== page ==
In 1979 Prof Nasr migrated to the United States where he became first the Distinguished Professor of Islamic Studies at the University of Utah, then from 1979 to 1984 Professor of Islamic Studies at Temple University. Since 1984 he has been University Professor of Islamic Studies at the George Washington University.Prof Nasr has lectured widely throughout the United States, Western Europe, most of the Islamic world, India, Australia and Japan. He has also given several major lectures such as the Azad Memorial Lecture in India, the Iqbal Lecture in Pakistan, the Charles Strong Memorial Lecture in Australia, the Gifford Lectures at the University of Edinburgh in Scotland and the Cadbury Lectures at Birmingham University in England. He has also been for ten years a member of the Directing Committee of FISP (Federation Internationale des Societes Philosophiques) and a member of the Institut International de Philosophie. Prof Nasr is the author of over thirty books and over 300 articles. His works concern not only various aspects of Islamic studies but also comparative philosophy and religion, philosophy of art and the philosophical and religious dimensions of the environmental crisis. See: www.nasrfoundation.org/

 

Summary for the Edinburgh Festival Lecture:

“Spiritual Approaches to Peace and Ecology in the Islamic World”

Before turning to the subject of this lecture itself, we must clarify the meaning of the term “spirituality” in the context of Islam, and why spirituality is related to peace and the environmental crisis. The goal of life in Islam is the establishment of equilibrium with God, within each human being, within society at large and with the world of nature.

While the immediate experience of life is combined with strife, the goal is to attain peace through the practice of spiritual striving, which Islam calls the greater jihad. Our primordial nature (fitrah) was at peace with itself and the natural world and no peace is possible for fallen man except through return to that nature and that inner peace which means also being at peace with God.

Islam, in fact, views nature not simply as a domain of strife but also that of harmony and equilibrium that dominates over all forms of apparent strife and violence. Virgin nature is for Muslims a reflection of paradise and traditional Islamic civilization has displayed remarkable harmony with nature as one can see in its architecture and urban design.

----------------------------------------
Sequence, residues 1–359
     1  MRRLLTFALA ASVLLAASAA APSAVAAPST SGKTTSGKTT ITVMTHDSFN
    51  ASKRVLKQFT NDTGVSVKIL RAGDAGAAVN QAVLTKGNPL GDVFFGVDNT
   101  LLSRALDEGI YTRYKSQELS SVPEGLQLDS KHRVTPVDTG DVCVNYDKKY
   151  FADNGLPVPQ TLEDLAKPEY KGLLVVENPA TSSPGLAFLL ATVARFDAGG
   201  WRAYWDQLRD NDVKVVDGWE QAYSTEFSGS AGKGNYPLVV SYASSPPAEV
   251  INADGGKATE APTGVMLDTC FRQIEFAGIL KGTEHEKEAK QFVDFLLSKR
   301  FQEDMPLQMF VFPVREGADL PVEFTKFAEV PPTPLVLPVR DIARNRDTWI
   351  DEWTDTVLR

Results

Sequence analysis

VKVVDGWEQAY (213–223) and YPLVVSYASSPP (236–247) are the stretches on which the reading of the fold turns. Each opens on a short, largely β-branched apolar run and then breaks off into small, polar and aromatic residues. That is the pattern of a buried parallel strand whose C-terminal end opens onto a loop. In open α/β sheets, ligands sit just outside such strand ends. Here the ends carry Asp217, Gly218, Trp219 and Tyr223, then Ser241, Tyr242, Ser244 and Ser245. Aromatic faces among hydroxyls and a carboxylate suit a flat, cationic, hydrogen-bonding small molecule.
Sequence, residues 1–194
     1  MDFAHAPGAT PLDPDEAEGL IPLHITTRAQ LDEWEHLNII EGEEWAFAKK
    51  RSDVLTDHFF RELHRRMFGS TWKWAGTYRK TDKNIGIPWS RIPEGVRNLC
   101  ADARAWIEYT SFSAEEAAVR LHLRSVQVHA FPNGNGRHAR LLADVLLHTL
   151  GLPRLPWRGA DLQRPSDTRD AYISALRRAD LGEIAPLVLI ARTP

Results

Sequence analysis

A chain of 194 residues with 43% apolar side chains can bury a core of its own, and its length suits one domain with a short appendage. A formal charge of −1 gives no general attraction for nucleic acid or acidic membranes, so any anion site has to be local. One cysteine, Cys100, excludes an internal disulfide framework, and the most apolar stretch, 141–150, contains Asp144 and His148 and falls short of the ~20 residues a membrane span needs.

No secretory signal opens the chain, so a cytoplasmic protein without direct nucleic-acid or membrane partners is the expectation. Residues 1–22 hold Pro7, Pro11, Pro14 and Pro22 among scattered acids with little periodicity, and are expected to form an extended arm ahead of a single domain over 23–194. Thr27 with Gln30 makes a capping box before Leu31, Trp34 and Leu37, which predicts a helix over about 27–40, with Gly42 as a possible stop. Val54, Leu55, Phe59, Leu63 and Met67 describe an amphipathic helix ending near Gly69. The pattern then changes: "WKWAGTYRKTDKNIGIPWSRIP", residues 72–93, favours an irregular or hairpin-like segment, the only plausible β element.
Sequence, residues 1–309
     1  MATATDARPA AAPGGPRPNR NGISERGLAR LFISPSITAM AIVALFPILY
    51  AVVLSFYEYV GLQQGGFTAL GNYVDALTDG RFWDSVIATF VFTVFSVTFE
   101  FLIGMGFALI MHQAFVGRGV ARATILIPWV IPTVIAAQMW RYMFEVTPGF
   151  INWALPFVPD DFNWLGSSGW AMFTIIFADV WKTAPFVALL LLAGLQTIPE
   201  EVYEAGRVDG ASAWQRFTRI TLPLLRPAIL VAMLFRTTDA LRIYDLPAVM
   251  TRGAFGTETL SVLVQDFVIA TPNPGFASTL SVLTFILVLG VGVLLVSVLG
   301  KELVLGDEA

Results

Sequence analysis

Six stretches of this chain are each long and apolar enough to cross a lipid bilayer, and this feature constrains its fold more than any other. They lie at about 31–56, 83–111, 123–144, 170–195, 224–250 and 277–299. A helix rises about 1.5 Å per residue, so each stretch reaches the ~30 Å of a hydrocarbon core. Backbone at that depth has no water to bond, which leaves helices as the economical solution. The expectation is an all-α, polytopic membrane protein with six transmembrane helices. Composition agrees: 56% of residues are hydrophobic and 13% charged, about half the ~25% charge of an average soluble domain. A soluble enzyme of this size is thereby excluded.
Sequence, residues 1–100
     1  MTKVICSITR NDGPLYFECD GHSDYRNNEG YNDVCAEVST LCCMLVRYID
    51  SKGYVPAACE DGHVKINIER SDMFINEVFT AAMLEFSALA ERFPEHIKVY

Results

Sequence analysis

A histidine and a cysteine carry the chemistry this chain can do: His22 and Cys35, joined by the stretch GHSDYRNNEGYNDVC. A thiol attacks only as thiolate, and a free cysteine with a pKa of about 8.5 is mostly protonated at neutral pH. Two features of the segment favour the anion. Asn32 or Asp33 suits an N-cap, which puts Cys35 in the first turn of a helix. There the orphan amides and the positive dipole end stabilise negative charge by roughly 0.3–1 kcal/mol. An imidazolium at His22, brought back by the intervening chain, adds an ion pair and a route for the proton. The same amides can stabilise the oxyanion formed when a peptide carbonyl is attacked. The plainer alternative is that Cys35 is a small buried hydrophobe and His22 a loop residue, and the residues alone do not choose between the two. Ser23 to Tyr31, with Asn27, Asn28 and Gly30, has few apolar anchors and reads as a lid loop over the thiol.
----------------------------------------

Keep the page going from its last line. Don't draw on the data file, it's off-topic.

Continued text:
The present day Islamic world is not, however, still living in a world in harmony with the environment and even within itself. With the introduction of modernism and reaction to it in the form of “fundamentalism,” tensions have been created within Islamic society between these forces as well as with traditional Islam, not to speak of forces from the outside which threaten Islam on every level. Moreover, modern technology and industrialism, which are the main causes of the global environmental crisis, are followed and propagated widely and usually blindly within the Islamic world by both the modernists and the “fundamentalists,” whatever differences they have in other domains.

The task before the Islamic world today is to re-discover the traditional Islamic attitude towards nature and the relation between inner peace, social peace and harmony with nature. Moreover, this must be carried out under pressure of forces from the outside over which the Islamic world has no control. Until quite recently Islamic society, like other non-Western societies, was impervious to the environmental crisis and its relation to the spiritual foundation of individual and social peace. But now there is ever going awareness of this issue, providing some hope in an otherwise grim situation.